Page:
There are things in life you take for granted. Running water, flushing toilets, and hot showers. For most people these things are everyday life activities that are basically forgotten. I would be willing to bet that less than 1% of people out there worry about having running water still working in the house. Perhaps less than 1% of people out there contemplate whether or not the hot water heater has exploded and left a torrential flood in the basement during there work day. These are things I currently think about with the house in it's current state of disarray. To thwart the ever pressing thoughts of peril I took the pro-active approach and replaced the 12 year old water heater with a brand spankin new one.
Is it propped up off the floor on bricks? Yes it is. Is that the correct way to do things? NO it is not. However sometimes you've got to make do with what you got. The water heater will be placed into a code correct position somewhere else in the renovation timeline. For now it's good enough. That means I don't have to have all of those plumbing conundrum nightmares racing through my head on the way home from work.
This is it. The swanky new house in New Athens Il. For a grand sum of $27,500 we picked up a house that was still standing and hasn't been condemned. Built in 1892 it definitely shows it's signs of age on the inside. Due to the many problems with it we had to pony up the cash out of our own pockets. No bank is going to touch this decrepit monster.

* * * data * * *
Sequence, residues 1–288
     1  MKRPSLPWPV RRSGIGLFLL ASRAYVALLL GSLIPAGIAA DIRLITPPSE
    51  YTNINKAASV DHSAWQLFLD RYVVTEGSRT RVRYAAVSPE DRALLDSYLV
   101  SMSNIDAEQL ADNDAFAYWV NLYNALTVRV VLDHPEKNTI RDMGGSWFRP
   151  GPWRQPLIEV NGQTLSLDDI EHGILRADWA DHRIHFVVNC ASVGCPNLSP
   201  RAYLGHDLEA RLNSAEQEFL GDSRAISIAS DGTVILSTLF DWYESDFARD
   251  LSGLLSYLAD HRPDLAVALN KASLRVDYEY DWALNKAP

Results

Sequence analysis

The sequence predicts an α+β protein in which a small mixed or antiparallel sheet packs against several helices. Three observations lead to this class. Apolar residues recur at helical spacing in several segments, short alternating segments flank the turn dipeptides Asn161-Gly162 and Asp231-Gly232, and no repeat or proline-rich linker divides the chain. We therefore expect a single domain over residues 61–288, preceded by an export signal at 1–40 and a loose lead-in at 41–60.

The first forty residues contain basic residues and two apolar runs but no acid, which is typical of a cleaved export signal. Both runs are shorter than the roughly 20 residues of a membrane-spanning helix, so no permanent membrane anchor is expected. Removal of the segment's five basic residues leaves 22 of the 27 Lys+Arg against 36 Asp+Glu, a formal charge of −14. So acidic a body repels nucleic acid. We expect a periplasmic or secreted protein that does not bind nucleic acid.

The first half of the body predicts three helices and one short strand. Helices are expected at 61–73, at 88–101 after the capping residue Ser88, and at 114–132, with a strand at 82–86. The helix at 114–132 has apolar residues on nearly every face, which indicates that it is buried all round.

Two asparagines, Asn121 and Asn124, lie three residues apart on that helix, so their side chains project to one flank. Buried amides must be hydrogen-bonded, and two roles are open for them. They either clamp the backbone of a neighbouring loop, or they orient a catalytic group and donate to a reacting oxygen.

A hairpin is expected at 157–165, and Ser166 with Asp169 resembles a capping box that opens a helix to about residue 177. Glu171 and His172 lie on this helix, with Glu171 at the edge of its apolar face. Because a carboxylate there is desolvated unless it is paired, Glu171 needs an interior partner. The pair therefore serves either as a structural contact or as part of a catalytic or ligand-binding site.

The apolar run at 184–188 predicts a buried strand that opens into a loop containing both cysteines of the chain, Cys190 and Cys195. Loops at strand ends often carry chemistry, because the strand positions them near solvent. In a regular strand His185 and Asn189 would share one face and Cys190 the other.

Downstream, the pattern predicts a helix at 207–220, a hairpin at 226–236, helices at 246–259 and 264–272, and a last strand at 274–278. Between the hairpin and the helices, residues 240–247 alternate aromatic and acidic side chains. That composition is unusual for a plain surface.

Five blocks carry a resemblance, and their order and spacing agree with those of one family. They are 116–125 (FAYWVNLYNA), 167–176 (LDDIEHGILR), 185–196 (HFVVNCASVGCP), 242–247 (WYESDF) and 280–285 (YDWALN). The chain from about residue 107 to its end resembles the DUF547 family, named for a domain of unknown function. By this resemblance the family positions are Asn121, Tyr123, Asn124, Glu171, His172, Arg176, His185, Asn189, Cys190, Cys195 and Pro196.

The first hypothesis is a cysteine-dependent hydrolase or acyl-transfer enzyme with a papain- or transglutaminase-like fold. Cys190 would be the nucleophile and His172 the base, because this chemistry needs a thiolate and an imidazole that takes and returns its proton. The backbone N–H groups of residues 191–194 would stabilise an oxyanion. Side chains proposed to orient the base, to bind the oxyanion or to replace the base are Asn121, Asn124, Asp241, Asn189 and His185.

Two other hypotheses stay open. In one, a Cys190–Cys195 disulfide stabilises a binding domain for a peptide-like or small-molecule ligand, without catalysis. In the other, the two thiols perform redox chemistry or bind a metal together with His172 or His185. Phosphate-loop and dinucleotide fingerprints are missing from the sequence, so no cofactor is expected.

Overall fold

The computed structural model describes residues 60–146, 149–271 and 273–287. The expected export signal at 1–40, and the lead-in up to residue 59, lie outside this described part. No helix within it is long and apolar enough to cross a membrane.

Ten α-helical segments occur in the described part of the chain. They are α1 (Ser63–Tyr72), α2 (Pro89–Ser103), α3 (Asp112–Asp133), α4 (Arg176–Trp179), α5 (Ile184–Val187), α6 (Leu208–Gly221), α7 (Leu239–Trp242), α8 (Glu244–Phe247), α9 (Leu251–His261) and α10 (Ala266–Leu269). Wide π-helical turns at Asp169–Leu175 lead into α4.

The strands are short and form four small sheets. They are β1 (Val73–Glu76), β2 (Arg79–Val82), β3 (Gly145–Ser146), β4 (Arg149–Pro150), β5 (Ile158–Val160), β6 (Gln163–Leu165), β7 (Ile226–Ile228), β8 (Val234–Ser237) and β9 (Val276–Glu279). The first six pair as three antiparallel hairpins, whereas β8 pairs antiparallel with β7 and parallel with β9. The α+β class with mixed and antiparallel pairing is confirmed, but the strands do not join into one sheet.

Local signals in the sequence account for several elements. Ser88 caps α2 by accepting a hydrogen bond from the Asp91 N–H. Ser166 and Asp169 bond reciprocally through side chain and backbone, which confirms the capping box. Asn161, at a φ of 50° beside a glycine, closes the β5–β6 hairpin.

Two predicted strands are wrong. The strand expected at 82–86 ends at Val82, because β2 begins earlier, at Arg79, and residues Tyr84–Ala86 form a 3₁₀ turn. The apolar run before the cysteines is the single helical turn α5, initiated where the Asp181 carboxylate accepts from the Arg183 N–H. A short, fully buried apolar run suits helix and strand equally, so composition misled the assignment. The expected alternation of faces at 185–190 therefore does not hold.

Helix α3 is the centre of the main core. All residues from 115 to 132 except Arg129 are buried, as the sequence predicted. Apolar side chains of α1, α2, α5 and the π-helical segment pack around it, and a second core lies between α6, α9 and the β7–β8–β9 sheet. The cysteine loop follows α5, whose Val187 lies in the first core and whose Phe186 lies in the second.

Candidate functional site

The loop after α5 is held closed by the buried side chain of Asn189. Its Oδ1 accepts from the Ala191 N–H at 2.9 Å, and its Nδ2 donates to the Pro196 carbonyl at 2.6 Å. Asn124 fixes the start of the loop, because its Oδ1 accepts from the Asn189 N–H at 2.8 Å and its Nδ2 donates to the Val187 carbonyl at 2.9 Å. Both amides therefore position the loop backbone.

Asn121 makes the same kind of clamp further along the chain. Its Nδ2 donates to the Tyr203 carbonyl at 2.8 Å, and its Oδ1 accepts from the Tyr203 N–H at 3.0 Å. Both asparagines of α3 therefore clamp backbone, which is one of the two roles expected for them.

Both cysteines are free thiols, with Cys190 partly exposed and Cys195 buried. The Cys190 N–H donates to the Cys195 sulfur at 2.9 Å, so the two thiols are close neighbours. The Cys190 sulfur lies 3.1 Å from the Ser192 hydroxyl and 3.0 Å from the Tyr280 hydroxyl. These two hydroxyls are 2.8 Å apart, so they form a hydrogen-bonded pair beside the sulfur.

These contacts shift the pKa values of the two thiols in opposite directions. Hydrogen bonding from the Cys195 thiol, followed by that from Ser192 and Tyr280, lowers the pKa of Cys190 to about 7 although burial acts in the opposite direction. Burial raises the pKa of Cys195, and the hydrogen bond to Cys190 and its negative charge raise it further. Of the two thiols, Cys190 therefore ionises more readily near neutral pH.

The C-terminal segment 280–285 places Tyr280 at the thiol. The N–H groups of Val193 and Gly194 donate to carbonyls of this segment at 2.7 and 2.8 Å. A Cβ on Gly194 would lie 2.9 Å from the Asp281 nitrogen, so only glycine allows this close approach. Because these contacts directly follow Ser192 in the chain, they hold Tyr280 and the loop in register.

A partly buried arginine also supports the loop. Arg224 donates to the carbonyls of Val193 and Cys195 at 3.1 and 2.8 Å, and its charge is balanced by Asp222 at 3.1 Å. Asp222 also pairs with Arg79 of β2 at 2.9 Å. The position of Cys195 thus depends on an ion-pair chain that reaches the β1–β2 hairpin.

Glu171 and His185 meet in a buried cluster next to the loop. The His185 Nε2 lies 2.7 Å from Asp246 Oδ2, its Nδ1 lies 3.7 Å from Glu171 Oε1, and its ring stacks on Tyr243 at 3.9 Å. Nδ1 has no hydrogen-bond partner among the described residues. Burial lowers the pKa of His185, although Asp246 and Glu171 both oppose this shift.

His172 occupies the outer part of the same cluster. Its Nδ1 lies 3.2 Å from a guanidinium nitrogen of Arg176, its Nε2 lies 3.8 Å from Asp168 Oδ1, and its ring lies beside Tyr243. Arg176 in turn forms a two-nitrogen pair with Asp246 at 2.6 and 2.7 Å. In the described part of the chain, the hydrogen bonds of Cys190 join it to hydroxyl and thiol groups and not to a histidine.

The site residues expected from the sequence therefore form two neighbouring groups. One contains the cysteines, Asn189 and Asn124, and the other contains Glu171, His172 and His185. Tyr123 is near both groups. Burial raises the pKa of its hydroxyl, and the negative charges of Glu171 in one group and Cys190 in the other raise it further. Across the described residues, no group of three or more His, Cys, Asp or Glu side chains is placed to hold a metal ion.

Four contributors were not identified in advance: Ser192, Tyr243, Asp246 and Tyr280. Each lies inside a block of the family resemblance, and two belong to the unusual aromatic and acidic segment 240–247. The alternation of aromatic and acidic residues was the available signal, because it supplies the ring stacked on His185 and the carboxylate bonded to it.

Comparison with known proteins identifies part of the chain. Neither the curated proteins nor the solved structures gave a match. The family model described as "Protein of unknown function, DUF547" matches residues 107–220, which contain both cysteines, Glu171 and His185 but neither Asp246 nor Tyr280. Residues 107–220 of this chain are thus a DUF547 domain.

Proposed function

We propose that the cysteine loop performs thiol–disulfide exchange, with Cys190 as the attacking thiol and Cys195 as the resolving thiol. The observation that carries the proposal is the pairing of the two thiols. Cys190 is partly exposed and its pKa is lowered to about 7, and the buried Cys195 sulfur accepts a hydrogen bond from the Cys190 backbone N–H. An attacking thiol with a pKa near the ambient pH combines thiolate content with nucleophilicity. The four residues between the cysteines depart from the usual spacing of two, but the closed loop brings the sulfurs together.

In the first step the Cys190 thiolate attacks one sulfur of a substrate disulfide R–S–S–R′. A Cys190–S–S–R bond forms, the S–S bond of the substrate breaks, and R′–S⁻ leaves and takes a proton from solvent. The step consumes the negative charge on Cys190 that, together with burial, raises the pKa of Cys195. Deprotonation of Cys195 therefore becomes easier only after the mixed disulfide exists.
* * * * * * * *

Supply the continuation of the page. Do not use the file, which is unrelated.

After the signing party we headed from the realtor's office to the house to check it out. This flip will be a little different than anything else we've done so far. Our offer was placed on this house sight unseen, and this would be the first time laid eyes on it. We took a ten minute look around and then went back to my dad's house. Roo was uprooted from her resting spot and driven towards her replacement. We'll be boondocking in our own back yard until a few things get fixed. The city water valve is leaking horribly and we can't use water in the house.
My attention turns towards the electrical box as I scan through the labels looking for AC. I decided to tap into the AC power on the outside of the house to wire in the RV outlet so we can continue to live like normal for the next few days. Turns out that was a bad idea.
The screwdriver above isn't being held by me. It's welded into the box. Yep. Welded in there. Turns out the breakers weren't labeled correctly and shame on me for not double checking the power. I disconnected a fully hot wire from the box which then touched the screwdriver and arc welded itself to the ground screws. Oops. Hopefully the rest of the flip won't be so exciting.